“Setting the same wake-up time every morning is essential and it’s best to maintain that every day, even on the weekends,” says Cheri Mah, M.D., a physician scientist specializing in sleep and performance at the University of California, San Francisco (U.C.S.F.) Human Performance Center. 

“There’s no right or wrong time to get up,” Christopher Winter, M.D., Director of the Charlottesville Neurology and Sleep Medicine Center, tells Thrive. “If you want to tackle the day at 7 a.m. or 10 a.m., either is perfectly fine, just stick to that time.” He notes that if you do need to get up earlier occasionally, that’s OK, but it’s better not to sleep beyond your regular wake-up time. 

According to the American Academy of Sleep Medicine, the minimum recommended sleep for healthy adults is seven hours a night, but just as everybody is a little different, everyone’s sleep needs can differ as well; you may need more than the recommended hours of sleep to feel fully rested.  

Tidy your bedroom in the morning 

Dr. Winter, the author of The Sleep Solution: Why Your Sleep Is Broken and How To Fix It, suggests making your bed every morning and keeping your room neat. He also recommends keeping your laundry and any unsorted mail or paperwork out of sight. “It’s calming to tidy up at the start of the day so you enter a fresh, neat bedroom at night.  There is research suggesting that a neat environment helps facilitate the onset of sleep and better sleep quality,” he says.

At Sleep Number, 73 percent of Sleep Number® SleepIQ® sleepers make their bed every day. Compared to those who don’t make their bed, this group wakes up 20 minutes earlier but they’re more rested; they end up getting four more minutes of restful, good sleep.* Those four minutes may not sound like much, but could add up to much more quality shut-eye and energy over time.

Exercise outside or somewhere bright

Exercise is a great way to start your day, says Dr. Mah, who is a sleep specialist working with elite and professional athletes, along with her academic work. “Regular exercise can be beneficial for healthy sleep, and morning sunlight is a strong stimulus to lock in your body clock and keep you on a regular schedule,” Dr. Mah tells Thrive.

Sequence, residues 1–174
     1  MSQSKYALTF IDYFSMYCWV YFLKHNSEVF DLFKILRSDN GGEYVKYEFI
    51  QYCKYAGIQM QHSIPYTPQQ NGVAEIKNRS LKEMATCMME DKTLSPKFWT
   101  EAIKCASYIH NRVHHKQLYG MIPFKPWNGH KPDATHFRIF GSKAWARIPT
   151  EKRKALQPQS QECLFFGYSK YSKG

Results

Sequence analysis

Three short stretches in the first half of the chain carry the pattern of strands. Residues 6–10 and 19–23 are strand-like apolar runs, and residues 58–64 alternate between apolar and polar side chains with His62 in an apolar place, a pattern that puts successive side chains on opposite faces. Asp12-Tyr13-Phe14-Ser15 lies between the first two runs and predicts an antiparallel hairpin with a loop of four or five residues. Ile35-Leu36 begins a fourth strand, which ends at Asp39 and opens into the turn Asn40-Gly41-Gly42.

Dr. Winter adds that exercising somewhere bright, whether it’s outdoors or in a well-lit indoor space, helps wake up your brain for a more productive start. “It’s great to have the contrast between a dark, cool, motionless room during the night versus, say, a bright, warm Zumba class at 7:30 a.m. That’s a fantastic way for your brain to understand when the day begins, so it can plan accordingly,” says Dr. Winter.  

In the Evening:

Don’t eat too late 

Eat dinner on the early side, says Dr. Winter. “If you drink alcohol, it’s best to have it as soon as you get home from work in the evening — and in moderation.” 

Alcohol suppresses deep sleep, delays REM sleep, is dehydrating, and is a muscle relaxer, so it often worsens breathing and can even cause sleep apnea, Dr. Winter tells Thrive. “Remember, sedation and sleep are not the same,” he says.

Establish a wind-down routine

To prepare your body to sleep, Dr. Mah suggests prioritizing a wind-down routine before your target bedtime, which can include reading, breathing exercises, yoga, stretching, or meditation. Any wind-down time is helpful, she tells Thrive, and she recommends starting with five minutes, then building up to a 20-minute routine. “Use this as a dedicated time to process your thoughts from the day and anticipate what needs to get done the following day,” Dr. Mah says. “One athlete I worked with liked to do a Rubik’s Cube before bed, and found that relaxing. There isn’t one thing that’s going to work for everyone, so find a routine that works for you.”

Switching up your after-dinner lighting options can also help. “Get dimmer switches,” advises Dr. Winter “Also, consider buying bulbs that are blue– or green-free. That will allow your brain to start generating melatonin.” 

You can find helpful bedtime routine ideas in the free Sleep30 Challenge by Sleep Number

Stay away from screens

Avoid using technology an hour before bedtime because bright screens can delay melatonin release, which is important for sleep, and prevent you from sleeping when you intend to, says Dr. Mah. “Creatively rearrange how you spend your time. Use the phone and watch TV earlier in the evening, not right before sleeping,” she advises.   

Go to bed at around the same time 

“It’s important to have a regular bedtime, because that helps our body anticipate regular sleep,” says Dr. Mah. That time doesn’t have to be set in stone, but you should aim to make your bedtime early enough to allow for seven to eight hours of sleep a night. If bedtime rolls around and you “don’t feel sleepy, try to doze off anyway with the idea that you might surprise yourself. Even if you don’t fall asleep right away, resting in bed (not sleeping) is awesome and restorative too,” says Dr. Winter. And if you do stay up a little later occasionally, don’t stress about it. 

Make bedtime joyful and relaxing

Reading a book in bed can be a great way to prep your body for sleep. Dr. Mah strongly recommends reading “real” books or magazines. “That way you’re not going to get the blue light exposure from screens, triggering your brain to stay awake. Blue light can prevent sleep and melatonin release, and that’s important for falling asleep,” she says.